Friday, 19 December 2014

Frequency Frustrations : France and Filton

When's the Next Bus?

fbb is always going on (and on and on) about the lack of Bus timetables at stops. Because you can buy a confuser program to do it for you, many bus operators stick up a departure list (some even call then "timetables"!!) and leave the passenger to guess when thy might arrive.

In London, bus timetables are officially banned. Completely. They don't exist**. On the most recent Transport for London web site you get even less information. Once you could download a copy of the full departure list as printed and posted at bus stops. Now you have a bigger display (for those on the tablets) and less information.
And, of course, you have to calculate your arrival time in your head (or on the calculator on your tablet). This is dead easy at a bus stop, in a queue in the pouring rain. It also means that any chance of planning a connection is impossible. You are forced to start earlier and allow extra time.

The new-look Buses of Somerset has no timetables displayed at Taunton bus station ...
... so you are well stuffed if the enquiry office is closed.

Obviously, if the bus service is frequent and short, or if you are a regular used of the route, a departure list is fine. If the service is less frequent, again a regular traveller will soon get used to a tidy repeat pattern.

fbb is currently beginning the planning process for his big boys outing to Paris next May. Lo and behold, there are no timetables on the RATP web site for any city bus, tram or metro route.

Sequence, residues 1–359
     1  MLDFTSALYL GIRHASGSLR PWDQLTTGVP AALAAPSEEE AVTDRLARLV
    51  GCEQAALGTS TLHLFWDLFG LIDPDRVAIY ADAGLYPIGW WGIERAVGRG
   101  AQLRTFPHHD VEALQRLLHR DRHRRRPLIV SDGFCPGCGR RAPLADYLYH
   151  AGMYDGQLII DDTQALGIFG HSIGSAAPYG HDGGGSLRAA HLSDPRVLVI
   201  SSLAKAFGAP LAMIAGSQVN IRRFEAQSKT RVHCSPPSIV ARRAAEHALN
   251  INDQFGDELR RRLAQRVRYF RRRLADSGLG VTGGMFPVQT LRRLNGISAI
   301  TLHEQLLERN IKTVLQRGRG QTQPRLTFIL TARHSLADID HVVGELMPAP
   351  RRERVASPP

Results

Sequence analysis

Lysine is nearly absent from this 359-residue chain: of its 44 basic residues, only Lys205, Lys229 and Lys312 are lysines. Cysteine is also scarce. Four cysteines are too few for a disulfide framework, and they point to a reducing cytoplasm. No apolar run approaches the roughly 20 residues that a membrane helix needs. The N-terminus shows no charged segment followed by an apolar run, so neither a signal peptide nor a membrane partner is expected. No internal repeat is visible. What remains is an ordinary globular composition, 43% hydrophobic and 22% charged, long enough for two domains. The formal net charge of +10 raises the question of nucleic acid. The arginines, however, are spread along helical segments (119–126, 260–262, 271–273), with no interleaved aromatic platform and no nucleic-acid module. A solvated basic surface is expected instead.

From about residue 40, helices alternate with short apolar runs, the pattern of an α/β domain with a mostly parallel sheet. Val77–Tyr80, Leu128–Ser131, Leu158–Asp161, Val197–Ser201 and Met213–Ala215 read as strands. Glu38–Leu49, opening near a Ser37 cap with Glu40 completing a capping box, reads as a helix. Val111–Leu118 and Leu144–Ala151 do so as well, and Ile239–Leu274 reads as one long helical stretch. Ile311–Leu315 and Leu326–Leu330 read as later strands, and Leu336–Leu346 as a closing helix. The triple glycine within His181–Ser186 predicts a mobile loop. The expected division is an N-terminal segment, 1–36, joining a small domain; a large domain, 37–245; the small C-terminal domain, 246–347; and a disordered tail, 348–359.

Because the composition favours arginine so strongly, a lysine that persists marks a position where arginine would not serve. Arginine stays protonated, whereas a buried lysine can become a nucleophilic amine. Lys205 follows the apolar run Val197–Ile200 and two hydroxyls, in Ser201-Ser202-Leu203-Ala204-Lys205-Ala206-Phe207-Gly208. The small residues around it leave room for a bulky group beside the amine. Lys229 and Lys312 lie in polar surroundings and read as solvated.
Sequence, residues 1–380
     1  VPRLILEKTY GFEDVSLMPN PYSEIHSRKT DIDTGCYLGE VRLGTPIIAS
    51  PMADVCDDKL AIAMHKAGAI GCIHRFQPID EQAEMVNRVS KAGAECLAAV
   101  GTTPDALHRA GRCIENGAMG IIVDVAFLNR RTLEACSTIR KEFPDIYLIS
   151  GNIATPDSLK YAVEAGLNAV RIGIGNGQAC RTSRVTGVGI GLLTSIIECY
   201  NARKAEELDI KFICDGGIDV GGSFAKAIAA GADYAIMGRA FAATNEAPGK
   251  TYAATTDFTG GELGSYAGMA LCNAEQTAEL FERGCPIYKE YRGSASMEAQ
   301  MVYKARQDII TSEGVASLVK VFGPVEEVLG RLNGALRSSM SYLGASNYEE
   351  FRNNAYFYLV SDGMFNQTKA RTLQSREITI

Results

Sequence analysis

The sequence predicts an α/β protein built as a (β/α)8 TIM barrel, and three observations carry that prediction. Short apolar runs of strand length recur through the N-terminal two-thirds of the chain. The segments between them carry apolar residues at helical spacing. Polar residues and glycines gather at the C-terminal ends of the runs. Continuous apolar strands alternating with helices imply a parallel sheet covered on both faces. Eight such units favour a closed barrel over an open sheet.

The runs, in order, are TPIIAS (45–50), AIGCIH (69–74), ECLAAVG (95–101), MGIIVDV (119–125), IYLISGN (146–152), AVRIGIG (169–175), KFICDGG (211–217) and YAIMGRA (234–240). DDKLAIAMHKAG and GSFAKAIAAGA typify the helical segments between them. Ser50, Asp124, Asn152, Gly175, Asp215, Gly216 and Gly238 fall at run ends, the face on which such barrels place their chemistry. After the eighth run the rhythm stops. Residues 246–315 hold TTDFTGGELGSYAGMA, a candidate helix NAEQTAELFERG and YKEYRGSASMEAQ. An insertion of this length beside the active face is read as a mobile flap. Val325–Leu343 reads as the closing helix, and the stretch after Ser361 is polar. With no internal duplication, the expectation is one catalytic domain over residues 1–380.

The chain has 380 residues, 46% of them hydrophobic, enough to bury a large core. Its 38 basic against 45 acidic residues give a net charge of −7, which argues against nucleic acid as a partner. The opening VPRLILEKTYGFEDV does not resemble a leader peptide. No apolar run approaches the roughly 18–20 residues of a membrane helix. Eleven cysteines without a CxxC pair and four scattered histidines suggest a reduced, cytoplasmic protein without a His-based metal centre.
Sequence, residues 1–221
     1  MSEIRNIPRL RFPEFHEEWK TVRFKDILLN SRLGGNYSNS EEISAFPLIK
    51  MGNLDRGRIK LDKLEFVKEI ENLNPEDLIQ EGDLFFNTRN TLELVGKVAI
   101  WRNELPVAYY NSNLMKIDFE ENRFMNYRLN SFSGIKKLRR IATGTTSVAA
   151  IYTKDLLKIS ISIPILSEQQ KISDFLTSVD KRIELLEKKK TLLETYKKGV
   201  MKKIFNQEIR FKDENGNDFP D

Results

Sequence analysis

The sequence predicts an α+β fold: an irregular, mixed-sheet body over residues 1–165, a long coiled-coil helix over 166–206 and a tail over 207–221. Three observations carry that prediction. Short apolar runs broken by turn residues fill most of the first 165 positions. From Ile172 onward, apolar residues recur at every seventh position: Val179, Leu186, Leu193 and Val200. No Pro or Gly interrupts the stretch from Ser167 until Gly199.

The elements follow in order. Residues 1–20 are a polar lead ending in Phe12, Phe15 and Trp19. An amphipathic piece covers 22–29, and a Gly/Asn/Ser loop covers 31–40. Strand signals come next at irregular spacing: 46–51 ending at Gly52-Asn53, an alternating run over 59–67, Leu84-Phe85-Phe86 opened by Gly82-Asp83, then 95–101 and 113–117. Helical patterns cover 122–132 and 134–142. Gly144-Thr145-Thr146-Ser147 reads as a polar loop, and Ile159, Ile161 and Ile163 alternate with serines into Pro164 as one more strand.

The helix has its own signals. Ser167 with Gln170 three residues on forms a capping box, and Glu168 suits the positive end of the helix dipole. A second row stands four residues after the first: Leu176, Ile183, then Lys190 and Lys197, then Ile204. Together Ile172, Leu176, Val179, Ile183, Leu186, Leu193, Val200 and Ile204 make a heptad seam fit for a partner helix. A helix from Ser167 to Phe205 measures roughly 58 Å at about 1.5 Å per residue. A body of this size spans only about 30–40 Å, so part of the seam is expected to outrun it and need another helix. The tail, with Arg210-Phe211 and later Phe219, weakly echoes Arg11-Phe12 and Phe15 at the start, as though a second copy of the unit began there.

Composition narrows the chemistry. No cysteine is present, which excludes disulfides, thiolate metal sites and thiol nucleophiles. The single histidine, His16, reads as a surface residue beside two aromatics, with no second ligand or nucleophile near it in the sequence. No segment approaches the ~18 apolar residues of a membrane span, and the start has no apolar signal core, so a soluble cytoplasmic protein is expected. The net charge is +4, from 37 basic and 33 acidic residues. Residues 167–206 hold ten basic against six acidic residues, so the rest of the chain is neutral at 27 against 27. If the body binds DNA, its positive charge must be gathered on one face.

This is the offering for bus 92.
Note the impossibility of calculating every 13 or 14 minutes. Here is a simpler (ha ha!) panel for bus 20.
Will my bus come in 6 minutes? Or 20 minutes? Or somewhere in between?
And a similar system for one of Paris' superb tram services.
Assuming you get he right bit of the day, the right day of the week, and the right section of the line (the horizontal bands) you are forced to make allowances for "between every 14 and every 18 minutes". A lovely quick and cheap tram service slows you down because you don't know when the next one will arrive. Counterproductive!

But occasionally, the timetable defies any sense of passenger friendliness however it is presented.
Our Bristol correspondent informs us of some changes to the Wessex Star (whoops, sorry, that should, of course, be Wessexstar.) timetables, services to the University of the West of England. Mainly, these are reductions in frequency, possibly as a result of the success of new First Bus services. For example, the Monday to Friday 13 ...
... in reduced from every 10 to every 12.
But, look at the 13 on Sundays : an INCREASED frequency ...
... from every 30 minutes to every 25 minutes. Crazy or what?

Likewise the Saturday service 19 is REDUCED from a memorable every 20 minutes ...
... to a profoundly forgettable every 25. But don't try looking in the Wessexstar website for this second example ...
... 'cos the "new timetable" link doesn't work!

Frequencies do funny things to passengers. fbb remembers an anecdote (perhaps apocryphal) told of a town service on the Isle of Wight. To save half a bus in the schedules, it was reduced from half hourly to every forty minutes. As a result of further declining passenger numbers it was then reduced further to every hour. Passenger numbers promptly increased because Vectensians could now remember when the bus would come.